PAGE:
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Life out here by Bret Kofford: Scrambling to our feet

April 03, 2002

The first thing that caught my eye on Main Street in the eastern part of downtown El Centro last week was three grown men holding hands as they walked.

"Don't see that much this side of Hillcrest," I thought snidely.

Then all three turned around, and it was apparent that two of the men had either a physical or mental disability, or both, and the third man, a counselor or aide, was walking and talking with them.

What the three were looking back on was the rest of the group of disabled people walking and wheeling down Main, with the help of a walker here and an aide there. There was a beautiful young lady in a wheelchair leading the pack, followed by a smiling young man in a motorized chair and various others moving along at various paces with various or no means of propulsion.

Everyone seemed happy, everyone seemed pleasant. Wherever they had been had put the group in a good mood … unless the group is that way all the time.

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No one was happier than the fellow pushing the wheelchair of his friend. One of the clients in the group, the power source was small, knock-kneed and pigeon-toed and didn't have the best balance, but he was pushing the chair with all his might. He was delighted with his effort and so, it seemed, was everyone else in the group.

Then he fell. Right on his rump.

I had to move up in traffic but I looked back and could see he was OK. He seemed to still be smiling. I tried to keep watching between cars as I moved forward, and I saw him get back to his feet, with little if any help, at least that I could see. He then started walking enthusiastically toward one of two buses bus parked at the corner of Fourth and Main.

I took a right turn and got on with my life. Or tried, anyway. But the little guy, the little guy who was trying to be helpful, who got knocked down but scrambled to his feet, who took help if he needed it, then bounded forward, that little guy stayed with me.

Thank goodness he did. I needed him.

Three weeks before the day I saw him I had my car egged, and egged expertly. I cleaned the car, but some of the egg got into various cracks in the car, making it stink miserably for a couple days until I found the rotting, stealth slime and wiped it away.

Two weeks before I had my car burglarized. The thieves stole about $3 worth of change, a $250 pair of prescription sunglasses (another pair is not covered by the health plan at work for another year) and my car's ashtray, apparently thinking I still keep my stash of crack in there.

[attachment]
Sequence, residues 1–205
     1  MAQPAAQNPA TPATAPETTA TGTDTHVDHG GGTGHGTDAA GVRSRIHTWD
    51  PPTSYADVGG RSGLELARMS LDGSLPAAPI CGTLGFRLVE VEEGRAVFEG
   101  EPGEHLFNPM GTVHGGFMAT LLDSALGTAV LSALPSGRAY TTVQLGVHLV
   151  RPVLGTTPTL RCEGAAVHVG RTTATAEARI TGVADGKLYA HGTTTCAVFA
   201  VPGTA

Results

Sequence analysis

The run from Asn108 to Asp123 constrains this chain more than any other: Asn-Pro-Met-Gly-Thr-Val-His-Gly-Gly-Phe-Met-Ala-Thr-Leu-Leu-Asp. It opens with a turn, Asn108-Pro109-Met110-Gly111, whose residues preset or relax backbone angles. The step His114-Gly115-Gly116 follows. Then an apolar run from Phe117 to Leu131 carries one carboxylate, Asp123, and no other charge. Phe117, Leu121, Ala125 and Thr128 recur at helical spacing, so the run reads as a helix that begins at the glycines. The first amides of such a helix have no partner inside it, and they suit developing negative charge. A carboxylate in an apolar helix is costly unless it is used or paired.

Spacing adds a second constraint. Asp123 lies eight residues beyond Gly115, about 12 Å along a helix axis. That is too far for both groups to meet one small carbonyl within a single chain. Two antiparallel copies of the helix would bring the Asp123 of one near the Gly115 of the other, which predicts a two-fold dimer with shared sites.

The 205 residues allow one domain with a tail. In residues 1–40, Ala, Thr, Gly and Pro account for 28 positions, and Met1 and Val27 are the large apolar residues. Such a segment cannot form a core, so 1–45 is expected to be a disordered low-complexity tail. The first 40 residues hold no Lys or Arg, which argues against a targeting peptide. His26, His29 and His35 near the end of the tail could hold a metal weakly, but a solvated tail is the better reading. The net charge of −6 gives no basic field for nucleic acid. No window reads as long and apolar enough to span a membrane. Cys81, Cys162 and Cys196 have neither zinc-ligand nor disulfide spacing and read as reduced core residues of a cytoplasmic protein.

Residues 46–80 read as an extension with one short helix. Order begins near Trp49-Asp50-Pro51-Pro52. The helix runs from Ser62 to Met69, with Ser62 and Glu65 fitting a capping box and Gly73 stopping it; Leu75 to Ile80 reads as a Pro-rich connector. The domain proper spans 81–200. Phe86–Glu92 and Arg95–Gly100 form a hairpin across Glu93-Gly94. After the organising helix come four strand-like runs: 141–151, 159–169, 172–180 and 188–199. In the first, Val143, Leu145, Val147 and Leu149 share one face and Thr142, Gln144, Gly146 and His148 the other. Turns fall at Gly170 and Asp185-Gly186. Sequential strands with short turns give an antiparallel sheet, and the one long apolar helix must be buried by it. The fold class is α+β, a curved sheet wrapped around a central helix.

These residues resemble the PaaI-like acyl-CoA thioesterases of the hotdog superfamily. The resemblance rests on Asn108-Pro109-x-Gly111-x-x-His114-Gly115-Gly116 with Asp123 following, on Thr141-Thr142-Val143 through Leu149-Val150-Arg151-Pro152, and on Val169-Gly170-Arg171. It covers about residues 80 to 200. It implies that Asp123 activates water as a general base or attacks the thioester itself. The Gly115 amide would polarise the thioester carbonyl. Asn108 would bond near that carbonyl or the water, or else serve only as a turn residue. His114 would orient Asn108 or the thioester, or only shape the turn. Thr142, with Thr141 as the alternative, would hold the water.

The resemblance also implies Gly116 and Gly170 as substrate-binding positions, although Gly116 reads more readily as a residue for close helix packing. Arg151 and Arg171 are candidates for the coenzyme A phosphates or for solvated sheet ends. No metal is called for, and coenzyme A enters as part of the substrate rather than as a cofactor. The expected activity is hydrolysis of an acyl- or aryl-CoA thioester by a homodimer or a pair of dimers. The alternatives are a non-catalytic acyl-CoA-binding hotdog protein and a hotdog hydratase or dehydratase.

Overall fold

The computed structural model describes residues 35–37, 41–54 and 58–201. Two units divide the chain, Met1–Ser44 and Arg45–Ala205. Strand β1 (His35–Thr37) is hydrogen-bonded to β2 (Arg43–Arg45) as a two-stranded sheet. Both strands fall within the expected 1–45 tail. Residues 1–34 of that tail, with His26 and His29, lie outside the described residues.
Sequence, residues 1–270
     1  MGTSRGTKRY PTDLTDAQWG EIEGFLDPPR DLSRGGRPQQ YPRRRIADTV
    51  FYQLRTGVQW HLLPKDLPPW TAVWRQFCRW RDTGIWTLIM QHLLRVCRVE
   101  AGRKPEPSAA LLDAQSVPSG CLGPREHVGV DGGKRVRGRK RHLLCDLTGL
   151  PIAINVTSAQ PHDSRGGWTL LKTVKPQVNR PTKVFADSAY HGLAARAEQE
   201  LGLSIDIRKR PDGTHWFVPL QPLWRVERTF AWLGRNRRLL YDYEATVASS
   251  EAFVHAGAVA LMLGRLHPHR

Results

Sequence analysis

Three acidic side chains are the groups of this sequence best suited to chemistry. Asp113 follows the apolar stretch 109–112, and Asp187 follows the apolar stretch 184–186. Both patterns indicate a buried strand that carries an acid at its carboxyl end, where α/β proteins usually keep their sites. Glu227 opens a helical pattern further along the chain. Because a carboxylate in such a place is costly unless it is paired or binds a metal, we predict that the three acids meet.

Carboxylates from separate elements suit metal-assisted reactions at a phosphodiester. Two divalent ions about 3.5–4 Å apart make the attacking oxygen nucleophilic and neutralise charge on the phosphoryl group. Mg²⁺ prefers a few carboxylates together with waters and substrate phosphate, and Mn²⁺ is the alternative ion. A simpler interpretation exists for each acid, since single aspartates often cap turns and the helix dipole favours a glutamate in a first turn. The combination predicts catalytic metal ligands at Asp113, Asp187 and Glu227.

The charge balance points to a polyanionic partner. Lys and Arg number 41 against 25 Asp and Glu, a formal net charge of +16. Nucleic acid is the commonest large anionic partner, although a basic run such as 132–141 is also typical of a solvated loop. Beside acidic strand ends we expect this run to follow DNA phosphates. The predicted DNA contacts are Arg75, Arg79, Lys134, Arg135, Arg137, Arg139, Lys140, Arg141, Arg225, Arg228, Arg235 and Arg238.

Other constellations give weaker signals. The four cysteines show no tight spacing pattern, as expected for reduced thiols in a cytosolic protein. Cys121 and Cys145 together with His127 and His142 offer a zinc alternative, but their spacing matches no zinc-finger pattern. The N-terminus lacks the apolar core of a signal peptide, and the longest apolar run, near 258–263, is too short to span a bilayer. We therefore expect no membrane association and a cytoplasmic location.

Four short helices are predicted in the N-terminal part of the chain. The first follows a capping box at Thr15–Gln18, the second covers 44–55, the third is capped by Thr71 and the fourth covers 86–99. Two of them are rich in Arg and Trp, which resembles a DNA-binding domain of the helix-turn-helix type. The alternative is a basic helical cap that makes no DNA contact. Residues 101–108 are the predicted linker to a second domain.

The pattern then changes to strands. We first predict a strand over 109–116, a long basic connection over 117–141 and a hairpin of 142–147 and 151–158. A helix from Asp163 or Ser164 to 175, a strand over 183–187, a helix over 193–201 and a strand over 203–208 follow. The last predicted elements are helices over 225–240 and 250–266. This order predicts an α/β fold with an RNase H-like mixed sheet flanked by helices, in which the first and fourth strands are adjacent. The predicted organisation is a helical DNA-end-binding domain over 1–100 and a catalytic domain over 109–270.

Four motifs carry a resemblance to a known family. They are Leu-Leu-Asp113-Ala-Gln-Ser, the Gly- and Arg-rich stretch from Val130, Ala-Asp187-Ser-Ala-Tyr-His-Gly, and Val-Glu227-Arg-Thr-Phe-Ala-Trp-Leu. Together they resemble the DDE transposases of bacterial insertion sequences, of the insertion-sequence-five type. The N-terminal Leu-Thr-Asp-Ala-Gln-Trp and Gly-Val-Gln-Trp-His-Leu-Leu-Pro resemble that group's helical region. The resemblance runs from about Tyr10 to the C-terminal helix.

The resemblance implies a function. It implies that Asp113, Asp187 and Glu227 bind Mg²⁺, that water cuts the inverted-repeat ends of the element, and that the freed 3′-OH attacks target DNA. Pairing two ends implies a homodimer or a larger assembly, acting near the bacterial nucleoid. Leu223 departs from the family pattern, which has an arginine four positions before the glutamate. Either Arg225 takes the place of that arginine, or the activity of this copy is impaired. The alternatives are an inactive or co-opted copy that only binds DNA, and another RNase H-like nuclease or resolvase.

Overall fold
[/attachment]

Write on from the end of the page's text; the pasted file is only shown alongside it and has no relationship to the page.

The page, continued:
The night before I saw the little guy I had all four hubcaps stolen off my car, which put me in a foul mood all morning. (A couple days later, I have to admit, I started to get a fondness for the wheel-cover-free look. It made my car look tough, like a sockless Mike Tyson walking into the ring for a brawl.)

Still, it was the hubcap theft that pushed me toward the edge, because, along with the aforementioned occurences, there had been assorted incidents around the house in recent weeks. I don't know if it's the new neighborhood, youthful pranks, something (or many things) I've written, or all of the above, but it has been a bad run.

The truth is we all have bad days, bad months, bad years, bad freakin' decades. Some of us have more to overcome than others, but most of us are lucky, me included. I have a good life, and in those times when I don't, I usually don't stay down for long. I am quick to bounce back to my feet, even from hard blows. I am resilient. Either that or I am shallow. Maybe I'm resiliently shallow.

Still, with the above-mentioned shots and a few others I won't even talk about in the newspaper, I could have stayed down longer than I should have last week.

But after seeing that scene on the street last week of the little guy with all the heart, I realized all I need is a little bit of perseverance, a bit of faith, and a bit of goodwill to keep marching forward. If he can keep trudging forward with a smile, so can I.

The little guy was only trying to help that day. He has no idea how much he did.

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